Tradition denied: The WWII Latvian Legion Day commemoration will have to find another venue, as Riga City Council has agreed to block all assemblies from gathering around the Freedom Monument on March 16. This traditional center-point of activities is being made off-limits due to security concerns, claim council members. This excuse, however, doesn’t hold water, as the event has been held for years under tight security with few disturbances, allowing the war veterans and others to exercise their rights in commemorating wartime duties and efforts.
RIGA - Riga Mayor Nils Usakovs (Harmony Center - in photo to right) says he will not be ordering any re-review of the decision made last week banning all scheduled assemblies at the Freedom Monument March 16, the traditional WWII Latvian Legion Day commemorating Latvian soldiers’ struggle to rid Latvia of Soviet Red Army forces. The municipality said it had arrived at the decision based on conclusions drawn by the state police and Security Police about a serious threat to public order during the planned events, reports news agency LETA.
“Usakovs trusts the decision made by the city executive committee, and believes it to have been made after carefully evaluating all circumstances,” said his press secretary Anna Kononova.
City Executive Juris Radzevics (Latvia’s First Party/Latvia’s Way) made no comment on the decision, said his press secretary, Ugis Vidauskis.
Interior Minister Linda Murniece (New Era) believes that the decision to ban any public events was unjustified. She said that the Riga City Council’s task in this situation was to plan all of the events so that they did not overlap, thereby preventing the possibility of a conflict between organizations that may have opposing political stances. Those who deem March 16 an important day in history should be given the chance to organize public events on that day if they so wish, the minister pointed out.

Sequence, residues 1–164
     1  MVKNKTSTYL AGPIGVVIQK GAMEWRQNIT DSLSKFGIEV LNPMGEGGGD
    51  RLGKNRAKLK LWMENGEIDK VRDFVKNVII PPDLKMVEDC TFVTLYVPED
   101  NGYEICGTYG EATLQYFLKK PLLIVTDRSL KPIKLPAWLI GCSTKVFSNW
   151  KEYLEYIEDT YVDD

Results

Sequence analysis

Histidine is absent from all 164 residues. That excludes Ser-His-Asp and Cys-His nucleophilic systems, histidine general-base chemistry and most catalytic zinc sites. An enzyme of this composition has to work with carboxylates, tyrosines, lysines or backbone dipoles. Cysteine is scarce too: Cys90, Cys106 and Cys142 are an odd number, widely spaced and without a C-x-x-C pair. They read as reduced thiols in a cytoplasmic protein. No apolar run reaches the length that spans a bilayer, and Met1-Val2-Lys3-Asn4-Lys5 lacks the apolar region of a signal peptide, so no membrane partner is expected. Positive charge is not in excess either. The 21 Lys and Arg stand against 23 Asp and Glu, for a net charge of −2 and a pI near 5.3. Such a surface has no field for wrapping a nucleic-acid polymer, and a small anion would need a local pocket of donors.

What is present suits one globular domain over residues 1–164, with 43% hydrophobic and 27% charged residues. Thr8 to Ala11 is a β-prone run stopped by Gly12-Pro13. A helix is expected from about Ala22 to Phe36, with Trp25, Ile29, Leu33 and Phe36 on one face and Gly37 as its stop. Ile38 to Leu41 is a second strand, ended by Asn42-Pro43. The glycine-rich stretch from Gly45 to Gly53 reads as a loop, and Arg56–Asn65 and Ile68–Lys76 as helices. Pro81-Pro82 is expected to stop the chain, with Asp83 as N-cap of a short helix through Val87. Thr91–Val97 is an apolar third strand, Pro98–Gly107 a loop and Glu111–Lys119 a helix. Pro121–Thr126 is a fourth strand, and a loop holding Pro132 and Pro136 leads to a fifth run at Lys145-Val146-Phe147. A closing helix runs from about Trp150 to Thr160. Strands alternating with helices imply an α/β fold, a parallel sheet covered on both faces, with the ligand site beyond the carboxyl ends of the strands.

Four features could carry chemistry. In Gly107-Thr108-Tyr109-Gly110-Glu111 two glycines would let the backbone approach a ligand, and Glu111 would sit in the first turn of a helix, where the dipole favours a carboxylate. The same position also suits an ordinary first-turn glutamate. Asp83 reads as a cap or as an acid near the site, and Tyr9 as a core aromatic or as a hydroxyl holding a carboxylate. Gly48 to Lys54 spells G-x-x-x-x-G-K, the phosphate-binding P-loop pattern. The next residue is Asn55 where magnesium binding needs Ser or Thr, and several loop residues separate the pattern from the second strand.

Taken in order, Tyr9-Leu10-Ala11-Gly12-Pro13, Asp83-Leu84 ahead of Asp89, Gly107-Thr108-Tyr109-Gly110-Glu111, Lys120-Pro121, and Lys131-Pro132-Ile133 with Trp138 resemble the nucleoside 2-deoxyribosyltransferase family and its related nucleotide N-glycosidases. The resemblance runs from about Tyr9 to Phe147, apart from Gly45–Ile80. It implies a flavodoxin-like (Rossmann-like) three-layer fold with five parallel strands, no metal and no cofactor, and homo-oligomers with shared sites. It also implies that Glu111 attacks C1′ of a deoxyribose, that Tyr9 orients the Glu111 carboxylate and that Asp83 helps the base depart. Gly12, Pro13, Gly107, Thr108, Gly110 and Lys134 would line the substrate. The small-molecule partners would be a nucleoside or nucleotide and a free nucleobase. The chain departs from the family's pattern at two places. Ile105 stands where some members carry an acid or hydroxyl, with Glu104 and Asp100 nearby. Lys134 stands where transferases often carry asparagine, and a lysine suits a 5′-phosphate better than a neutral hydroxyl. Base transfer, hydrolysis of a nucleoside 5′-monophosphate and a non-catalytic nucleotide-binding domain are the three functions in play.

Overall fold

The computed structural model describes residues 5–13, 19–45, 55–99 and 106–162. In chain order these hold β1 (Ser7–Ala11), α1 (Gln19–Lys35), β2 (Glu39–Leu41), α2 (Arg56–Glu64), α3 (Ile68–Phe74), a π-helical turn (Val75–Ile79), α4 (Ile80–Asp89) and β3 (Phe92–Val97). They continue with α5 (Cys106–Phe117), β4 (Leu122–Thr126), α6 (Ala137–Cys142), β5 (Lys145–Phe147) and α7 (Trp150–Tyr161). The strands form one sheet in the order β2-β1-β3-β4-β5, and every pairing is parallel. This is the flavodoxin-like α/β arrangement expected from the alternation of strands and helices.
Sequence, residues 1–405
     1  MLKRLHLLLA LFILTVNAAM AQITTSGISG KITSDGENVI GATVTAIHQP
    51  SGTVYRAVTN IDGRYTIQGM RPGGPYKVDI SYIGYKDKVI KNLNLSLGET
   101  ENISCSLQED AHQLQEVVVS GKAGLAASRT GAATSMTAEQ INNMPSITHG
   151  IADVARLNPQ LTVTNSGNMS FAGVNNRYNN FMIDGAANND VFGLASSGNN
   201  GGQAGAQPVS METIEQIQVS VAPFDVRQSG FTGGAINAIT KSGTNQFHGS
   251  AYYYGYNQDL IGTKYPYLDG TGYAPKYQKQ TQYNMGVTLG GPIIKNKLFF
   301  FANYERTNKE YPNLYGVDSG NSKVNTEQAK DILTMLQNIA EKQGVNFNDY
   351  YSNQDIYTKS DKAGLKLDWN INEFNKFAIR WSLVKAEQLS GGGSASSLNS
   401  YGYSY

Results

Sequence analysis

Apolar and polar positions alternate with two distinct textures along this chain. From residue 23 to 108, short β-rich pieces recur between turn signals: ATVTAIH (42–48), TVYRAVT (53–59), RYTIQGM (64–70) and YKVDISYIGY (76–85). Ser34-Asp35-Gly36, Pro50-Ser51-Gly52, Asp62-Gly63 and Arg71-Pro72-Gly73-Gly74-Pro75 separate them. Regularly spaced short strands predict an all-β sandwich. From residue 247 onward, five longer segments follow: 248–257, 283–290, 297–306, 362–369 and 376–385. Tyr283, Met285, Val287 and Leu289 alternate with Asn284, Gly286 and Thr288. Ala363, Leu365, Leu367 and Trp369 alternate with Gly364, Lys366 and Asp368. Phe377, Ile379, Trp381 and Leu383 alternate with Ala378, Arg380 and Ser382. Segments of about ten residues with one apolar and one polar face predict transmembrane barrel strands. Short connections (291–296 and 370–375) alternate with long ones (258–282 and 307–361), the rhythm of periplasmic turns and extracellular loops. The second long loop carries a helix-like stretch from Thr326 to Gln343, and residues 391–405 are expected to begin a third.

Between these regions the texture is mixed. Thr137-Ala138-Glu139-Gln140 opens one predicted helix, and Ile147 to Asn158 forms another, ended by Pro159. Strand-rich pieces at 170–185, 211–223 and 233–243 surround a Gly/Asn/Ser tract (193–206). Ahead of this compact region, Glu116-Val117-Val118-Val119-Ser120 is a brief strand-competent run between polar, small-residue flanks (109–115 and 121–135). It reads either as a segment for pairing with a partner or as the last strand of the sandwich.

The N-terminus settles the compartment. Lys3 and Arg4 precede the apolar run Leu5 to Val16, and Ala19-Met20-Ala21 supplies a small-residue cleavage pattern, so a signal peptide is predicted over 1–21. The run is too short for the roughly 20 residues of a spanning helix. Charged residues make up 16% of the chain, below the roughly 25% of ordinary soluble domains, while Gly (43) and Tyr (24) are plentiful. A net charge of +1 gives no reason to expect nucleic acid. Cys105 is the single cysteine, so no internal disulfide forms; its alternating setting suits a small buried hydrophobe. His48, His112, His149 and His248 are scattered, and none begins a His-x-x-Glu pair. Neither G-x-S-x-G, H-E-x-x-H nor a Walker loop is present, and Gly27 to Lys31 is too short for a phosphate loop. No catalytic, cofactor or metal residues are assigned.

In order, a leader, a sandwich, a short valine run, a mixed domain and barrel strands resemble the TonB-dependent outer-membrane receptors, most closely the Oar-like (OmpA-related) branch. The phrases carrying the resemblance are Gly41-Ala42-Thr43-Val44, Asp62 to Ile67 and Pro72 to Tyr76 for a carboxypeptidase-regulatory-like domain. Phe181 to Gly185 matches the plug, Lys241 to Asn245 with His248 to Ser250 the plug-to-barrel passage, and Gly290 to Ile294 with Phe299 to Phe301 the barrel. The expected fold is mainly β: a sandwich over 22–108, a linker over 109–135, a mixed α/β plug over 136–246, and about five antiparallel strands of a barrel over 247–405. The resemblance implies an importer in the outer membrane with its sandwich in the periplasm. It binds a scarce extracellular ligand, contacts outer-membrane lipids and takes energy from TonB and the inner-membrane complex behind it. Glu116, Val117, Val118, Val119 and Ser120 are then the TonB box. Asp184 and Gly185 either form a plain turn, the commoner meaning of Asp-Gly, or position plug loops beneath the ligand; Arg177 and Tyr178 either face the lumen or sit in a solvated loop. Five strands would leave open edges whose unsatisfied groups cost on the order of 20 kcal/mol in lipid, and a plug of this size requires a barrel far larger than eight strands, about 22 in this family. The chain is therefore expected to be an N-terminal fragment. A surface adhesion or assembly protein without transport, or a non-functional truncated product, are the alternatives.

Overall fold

Each year the authorities thoroughly prepare for the March 16 events because incidents can occur at any public event, Murniece said. This year too, March 16 will not be regarded as something extraordinary, and the authorities will be prepared to keep the peace at any public event. New Era believes that in banning the events, Harmony Center/Latvia’s First Party/Latvia’s Way incite “ethnic hatred and heighten ill feelings among residents.” The ruling coalition knows full well that a large part of the community are dissatisfied with the decision and wonder why such a ban is not enforced on a similarly controversial celebration on May 9 - WWII [Soviet Red Army] Victory Day.
New Era’s faction leader in city hall, Edgars Jaunups, commented that the ban is a political move - a “totalitarian problem-solving method,” reminiscent of the Soviet-era mentality.
The reports by the state police and the Security Police did not recommend banning any events, Murniece stressed. Furthermore, these reports made no mention of the possibility of large-scale incidents that could pose a threat to public order and security, reported the Interior Ministry’s press officer, Sintija Virse.